Locals ready for Gitmo lobbying
Two local women were to depart Sunday for Washington, D.C. Sister Paulette Schroeder of Tiffin and Josie Setzler of Fremont are to participate in demonstrations and lobbying for the release of prisoners in Guantanamo Bay, Cuba.
Organized by Witness Against Torture, the gathering which runs today through next Monday is to include activists fasting, meeting with political leaders, distributing literature and demonstrating in orange jumpsuits at public sites.
Schroeder said a core group of about 35 people is expected to stay for the entire week, while others will come for part of the observance. Those who are staying will be housed in a church where they will pray and reflect together. She said they will sleep on cushions from the church pews.
“We will start our fast (liquids only) on Monday after a meal together,” Schroeder said, “and we will break it on Jan. 13.”
A rally and procession are planned for Saturday, the date the first prisoners arrived in 2002 at the start of the “war on terror.”
According to www.witnesstorture.org, Witness Against Torture was formed in 2005 after 25 Americans went to Cuba in an effort to see the conditions there first-hand.
The activists were turned away, but they continued to organize and pressure the government to release the detainees or bring charges against them. That year, some prisoners went on a hunger strike to bring attention to their plight.
In 2007 and 2008, members of Witness Against Torture were arrested when they entered the Federal Court House in Washington, D.C.
The efforts of the group did help bring an end to abusive practices at the prison.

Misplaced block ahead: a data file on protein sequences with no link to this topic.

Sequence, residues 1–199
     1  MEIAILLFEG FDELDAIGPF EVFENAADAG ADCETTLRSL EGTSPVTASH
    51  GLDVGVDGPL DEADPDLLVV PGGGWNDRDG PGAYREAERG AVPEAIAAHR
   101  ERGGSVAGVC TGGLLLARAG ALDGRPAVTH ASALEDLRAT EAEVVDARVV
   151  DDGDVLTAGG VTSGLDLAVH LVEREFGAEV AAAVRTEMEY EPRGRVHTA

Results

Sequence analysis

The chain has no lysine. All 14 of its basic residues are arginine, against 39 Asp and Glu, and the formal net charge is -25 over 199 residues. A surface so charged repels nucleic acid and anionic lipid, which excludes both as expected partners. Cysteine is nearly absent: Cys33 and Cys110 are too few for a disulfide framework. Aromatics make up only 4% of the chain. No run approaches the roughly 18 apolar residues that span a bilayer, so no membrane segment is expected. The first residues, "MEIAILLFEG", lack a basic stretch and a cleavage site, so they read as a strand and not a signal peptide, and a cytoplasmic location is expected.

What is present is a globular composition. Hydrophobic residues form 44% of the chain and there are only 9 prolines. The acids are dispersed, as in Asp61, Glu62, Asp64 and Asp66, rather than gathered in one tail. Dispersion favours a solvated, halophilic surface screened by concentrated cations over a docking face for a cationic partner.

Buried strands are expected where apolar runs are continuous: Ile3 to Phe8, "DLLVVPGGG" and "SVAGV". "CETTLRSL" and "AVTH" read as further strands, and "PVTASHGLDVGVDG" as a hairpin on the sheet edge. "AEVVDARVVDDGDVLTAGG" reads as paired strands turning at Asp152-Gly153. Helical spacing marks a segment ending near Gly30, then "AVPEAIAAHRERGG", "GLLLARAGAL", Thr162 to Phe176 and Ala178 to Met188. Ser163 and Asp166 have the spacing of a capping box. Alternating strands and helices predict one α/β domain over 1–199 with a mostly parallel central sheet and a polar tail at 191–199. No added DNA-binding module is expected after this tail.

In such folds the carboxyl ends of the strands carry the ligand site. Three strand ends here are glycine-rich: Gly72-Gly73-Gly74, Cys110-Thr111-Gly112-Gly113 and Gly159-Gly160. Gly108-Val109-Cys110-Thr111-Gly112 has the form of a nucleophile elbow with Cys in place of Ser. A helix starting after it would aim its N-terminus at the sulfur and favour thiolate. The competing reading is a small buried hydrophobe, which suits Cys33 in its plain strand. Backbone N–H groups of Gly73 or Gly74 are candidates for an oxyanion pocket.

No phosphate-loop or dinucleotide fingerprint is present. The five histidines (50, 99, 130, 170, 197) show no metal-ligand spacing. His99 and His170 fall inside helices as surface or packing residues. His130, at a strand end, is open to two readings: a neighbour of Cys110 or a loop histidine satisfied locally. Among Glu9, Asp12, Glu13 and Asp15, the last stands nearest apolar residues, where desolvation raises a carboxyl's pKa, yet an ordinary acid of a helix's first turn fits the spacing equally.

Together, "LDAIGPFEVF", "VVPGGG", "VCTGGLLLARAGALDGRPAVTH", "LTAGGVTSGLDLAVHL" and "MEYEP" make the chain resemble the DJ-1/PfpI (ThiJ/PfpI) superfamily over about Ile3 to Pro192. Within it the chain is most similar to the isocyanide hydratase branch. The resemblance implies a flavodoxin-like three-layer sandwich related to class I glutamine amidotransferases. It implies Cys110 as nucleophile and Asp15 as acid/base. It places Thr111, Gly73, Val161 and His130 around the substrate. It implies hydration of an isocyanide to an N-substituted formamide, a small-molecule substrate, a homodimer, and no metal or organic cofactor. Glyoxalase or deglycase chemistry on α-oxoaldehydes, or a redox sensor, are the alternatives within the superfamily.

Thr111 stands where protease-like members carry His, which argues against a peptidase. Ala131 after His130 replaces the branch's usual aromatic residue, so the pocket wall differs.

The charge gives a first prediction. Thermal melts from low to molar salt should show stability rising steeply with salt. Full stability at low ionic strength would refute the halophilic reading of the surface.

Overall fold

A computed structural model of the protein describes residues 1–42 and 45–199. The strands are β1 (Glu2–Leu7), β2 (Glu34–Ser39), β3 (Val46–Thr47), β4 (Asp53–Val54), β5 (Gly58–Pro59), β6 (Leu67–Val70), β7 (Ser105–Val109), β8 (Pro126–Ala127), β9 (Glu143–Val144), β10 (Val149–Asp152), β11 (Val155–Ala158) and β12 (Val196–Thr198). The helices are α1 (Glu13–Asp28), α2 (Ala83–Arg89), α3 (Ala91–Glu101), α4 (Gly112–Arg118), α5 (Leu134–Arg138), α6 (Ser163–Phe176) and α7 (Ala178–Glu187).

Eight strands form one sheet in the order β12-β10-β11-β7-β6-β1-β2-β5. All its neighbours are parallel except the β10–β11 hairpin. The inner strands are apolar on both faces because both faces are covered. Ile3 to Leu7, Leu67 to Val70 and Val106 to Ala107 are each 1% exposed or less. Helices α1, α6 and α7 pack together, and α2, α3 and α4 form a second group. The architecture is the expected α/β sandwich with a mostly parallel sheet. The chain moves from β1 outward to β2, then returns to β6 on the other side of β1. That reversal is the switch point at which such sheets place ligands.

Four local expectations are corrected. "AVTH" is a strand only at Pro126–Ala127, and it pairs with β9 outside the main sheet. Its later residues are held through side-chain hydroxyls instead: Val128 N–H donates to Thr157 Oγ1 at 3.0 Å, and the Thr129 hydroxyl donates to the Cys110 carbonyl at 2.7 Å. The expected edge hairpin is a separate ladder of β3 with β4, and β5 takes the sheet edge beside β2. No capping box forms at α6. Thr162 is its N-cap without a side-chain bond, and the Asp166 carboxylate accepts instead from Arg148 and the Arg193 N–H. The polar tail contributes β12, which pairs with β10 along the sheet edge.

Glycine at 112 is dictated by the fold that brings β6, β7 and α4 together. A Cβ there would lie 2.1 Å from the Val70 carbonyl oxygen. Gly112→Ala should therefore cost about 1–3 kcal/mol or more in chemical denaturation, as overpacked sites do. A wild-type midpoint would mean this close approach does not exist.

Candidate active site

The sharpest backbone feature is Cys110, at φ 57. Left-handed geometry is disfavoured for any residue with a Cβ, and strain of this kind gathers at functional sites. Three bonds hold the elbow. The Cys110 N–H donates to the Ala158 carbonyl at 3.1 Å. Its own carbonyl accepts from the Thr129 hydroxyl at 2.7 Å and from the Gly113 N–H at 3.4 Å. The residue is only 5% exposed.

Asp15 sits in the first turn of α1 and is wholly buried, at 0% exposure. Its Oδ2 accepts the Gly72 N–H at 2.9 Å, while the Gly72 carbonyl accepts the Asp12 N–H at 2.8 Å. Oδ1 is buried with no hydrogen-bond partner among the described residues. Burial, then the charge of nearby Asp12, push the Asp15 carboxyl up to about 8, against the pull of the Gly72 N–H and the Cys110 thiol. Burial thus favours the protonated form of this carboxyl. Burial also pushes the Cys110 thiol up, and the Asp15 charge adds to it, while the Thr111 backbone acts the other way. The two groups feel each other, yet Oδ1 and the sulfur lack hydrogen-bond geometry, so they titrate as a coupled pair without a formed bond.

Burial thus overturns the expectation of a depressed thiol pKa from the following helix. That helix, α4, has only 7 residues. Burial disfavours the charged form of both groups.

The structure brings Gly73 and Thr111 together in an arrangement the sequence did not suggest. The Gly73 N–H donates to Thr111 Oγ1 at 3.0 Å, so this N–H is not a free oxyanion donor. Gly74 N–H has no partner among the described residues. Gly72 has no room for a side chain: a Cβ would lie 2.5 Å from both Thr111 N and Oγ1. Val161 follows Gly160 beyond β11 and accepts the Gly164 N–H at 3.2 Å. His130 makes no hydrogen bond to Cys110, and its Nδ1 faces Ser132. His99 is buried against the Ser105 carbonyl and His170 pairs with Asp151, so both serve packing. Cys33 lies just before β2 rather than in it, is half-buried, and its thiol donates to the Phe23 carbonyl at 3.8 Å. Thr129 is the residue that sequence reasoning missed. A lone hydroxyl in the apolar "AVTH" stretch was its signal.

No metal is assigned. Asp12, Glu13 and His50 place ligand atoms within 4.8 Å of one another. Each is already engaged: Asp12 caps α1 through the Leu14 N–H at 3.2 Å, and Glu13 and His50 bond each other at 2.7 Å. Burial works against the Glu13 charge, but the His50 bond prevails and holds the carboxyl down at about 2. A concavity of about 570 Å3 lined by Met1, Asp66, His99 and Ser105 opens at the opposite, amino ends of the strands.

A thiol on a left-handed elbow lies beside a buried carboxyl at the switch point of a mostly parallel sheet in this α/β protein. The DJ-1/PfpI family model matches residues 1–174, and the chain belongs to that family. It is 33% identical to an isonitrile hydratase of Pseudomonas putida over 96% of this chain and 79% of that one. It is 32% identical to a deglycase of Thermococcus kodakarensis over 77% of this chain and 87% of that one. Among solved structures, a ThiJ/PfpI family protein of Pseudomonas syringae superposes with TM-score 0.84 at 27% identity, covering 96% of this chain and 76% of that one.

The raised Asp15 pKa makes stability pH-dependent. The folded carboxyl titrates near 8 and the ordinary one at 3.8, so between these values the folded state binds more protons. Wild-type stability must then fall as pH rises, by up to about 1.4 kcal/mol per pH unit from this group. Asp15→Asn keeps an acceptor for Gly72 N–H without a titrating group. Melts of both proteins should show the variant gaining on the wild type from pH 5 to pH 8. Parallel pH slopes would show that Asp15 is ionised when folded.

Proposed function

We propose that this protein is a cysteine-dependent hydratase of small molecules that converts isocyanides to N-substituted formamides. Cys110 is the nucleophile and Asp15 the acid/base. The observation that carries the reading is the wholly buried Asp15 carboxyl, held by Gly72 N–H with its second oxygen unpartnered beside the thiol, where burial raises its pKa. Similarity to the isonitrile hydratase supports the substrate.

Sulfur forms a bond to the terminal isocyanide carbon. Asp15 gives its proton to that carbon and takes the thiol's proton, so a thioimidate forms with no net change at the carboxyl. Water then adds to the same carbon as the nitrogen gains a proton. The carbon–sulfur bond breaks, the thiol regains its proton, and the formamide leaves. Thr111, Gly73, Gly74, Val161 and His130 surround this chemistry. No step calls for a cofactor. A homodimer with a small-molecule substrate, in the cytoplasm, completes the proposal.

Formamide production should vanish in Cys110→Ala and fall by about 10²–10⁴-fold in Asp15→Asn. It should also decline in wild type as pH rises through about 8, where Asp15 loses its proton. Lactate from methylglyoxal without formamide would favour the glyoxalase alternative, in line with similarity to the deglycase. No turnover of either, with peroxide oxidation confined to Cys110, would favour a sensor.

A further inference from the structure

In June 2011, 14 activists stood in the gallery at the House of Representatives and urged the politicians to end indefinite detentions at Guantanamo. They were arrested after they spoke.
In 2012, 35 protesters were arrested, but charges later were dropped.
Three years ago, 86 of the prisoners were designated to be transferred to secure quarters in other countries or to trials in the U.S.; however, Congress did not appropriate funds for these transfers. The few who have been moved have been sent to countries that have agreed to admit them. A Washington Post article by Adam Goldman Dec. 31 stated eight detainees have been moved since August.
Most recently, three Uighur Muslims were transported from Guantanamo to Slovakia. Goldman’s article also said the military had determined the trio to have no connection to al-Qaida or the Taliban, but it had been difficult to find a country that would accept them. An ethnic group from China, the Uighurs likely would have been mistreated if they had returned to their home country.
Although President Obama promised to close the prison at Guantanamo Bay, 155 prisoners remain in the facility, uncharged and untried.
An article posted on RT.com Friday said 76 prisoners have been approved for transfers out of Guantanamo.
The story quoted Clifford Sloan, special envoy for the closure of the prison. Although he expressed certainty the facility would close, he could not give a definite time frame.
Schroeder said lawyers at the prison do keep detainees updated on any actions in Congress. So far, a more extensive hunger strike, begun in February has aroused international calls to close the prison. News articles published Dec. 28 stated the military has decided not to report further information about the detainees’ hunger strike.
This will not be Setzler’s first trip to demand action on Guantanamo, but she did not respond to attempts to obtain comment.
Schroeder said she and Setzler intend to give a report about the trip when they return. Updates also are to be posted online at www.witnesstorture.org.